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The FDA or the Food and Drug Administration announced that they are currently testing metformin, a widely used diabetes drug because it is suspected to contain a cancer-causing contaminant known as NDMA or N-nitrosodimethylamine. 

There are reports that certain metformin drugs in other countries contain low levels of the said chemical, but the amount is within the naturally occurring range sometimes seen in water and food. The FDA is working to know whether metformin sold in the American market is contaminated with the potential carcinogen. 

The announcement was followed after the massive recall of angiotensin II receptor blockers or ARBs. It is used for ranitidine drugs and blood pressure and is commonly known under the name Zantac and it is used for heartburn. The recall took place in early 2019 because of the concerning levels of NDMA. 

Metformin is a prescription drug that is said to help control high blood sugar in people who are diagnosed with type 2 diabetes. At this time, there are no other alternatives that can work in the same way as Metformin, according to the statement released by the FDA. Health officials recommend patients to stick with metformin until there are more information gathered. 

The brand name versions of metformin include Fortamet, Glucophage XR, Glucophage, and Glumetza. The FDA wrote in a statement that it could be dangerous for patients with this serious condition to stop taking their metformin without talking to their doctor first. The FDA recommends prescribers to continue to use metformin when clinically appropriate, as the FDA investigation is still ongoing and there are no alternative medications that treat this condition in the same way.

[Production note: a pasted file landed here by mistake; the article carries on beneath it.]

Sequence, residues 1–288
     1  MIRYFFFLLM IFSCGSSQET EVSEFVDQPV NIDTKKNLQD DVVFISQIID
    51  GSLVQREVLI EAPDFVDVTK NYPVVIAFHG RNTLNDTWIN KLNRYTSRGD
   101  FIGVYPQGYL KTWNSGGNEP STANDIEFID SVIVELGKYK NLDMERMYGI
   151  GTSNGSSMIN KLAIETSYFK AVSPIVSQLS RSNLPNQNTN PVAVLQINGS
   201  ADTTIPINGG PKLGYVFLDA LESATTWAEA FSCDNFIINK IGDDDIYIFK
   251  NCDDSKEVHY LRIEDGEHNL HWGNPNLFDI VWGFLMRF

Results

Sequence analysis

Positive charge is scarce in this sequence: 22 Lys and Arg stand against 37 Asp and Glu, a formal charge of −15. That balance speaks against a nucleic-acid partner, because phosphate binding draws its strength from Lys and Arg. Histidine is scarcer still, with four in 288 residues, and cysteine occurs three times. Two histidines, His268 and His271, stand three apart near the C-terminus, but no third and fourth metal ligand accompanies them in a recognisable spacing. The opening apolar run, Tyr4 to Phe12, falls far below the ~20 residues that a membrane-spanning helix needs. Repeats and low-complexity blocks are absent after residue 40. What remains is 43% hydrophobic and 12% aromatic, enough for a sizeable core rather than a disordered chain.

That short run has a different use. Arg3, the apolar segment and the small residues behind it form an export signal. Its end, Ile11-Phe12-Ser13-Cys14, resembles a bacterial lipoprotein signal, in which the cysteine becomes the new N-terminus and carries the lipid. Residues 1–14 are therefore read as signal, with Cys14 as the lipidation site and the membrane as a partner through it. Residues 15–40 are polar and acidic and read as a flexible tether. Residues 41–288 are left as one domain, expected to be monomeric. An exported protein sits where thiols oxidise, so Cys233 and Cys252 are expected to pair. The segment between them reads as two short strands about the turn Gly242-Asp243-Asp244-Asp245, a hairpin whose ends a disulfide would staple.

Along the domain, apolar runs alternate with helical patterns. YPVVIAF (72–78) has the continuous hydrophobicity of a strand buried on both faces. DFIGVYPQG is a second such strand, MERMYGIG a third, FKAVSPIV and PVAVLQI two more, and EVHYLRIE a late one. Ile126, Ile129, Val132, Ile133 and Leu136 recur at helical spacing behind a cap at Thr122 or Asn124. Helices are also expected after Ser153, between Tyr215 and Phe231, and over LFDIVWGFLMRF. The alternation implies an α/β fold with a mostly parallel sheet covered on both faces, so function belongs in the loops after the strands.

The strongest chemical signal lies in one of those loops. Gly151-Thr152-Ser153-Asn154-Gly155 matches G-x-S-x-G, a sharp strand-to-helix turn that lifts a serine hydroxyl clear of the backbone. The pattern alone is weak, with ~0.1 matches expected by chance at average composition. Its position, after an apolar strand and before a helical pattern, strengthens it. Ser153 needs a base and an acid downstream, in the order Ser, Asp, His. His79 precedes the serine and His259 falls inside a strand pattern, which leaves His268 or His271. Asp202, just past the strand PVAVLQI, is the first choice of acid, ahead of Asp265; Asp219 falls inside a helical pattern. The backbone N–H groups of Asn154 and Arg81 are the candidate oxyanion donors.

If the metformin drugs do end up being recalled, the FDA will immediately issue another update to healthcare providers and patients. 

What is NDMA?

NDMA is a contaminant that is commonly found in food and water. People are exposed to it regularly in very low amounts, which is not harmful to human health, according to the FDA. NDMA is a yellow, odorless liquid that was once used to make rocket fuel, but after high levels of the substance were found in the soil, air and water samples near the manufacturing plants, NDMA was not used anymore. 

NDMA now appears only when it is unintentionally made from chemical reactions at industrial sites. It can't survive long in the environment because sunlight can break it down quickly. 

Patients should keep taking metformin

It is important to note that with any medication, there will always be risks versus benefits that need to be considered. Currently, there are no recalls for metformin in America. However, suddenly stopping metformin, which is used by diabetic patients and is considered a fairly effective diabetes medication, can lead to worsened diabetes control, which may do more harm than good. 

Experts say that if you are concerned, it is best to talk to your doctor to see if there are any alternative medications that you can take. Stopping these medications too quickly could have very serious and life-threatening side effects. Because the drugs have not been recalled, there is no need to stop taking metformin as of now.

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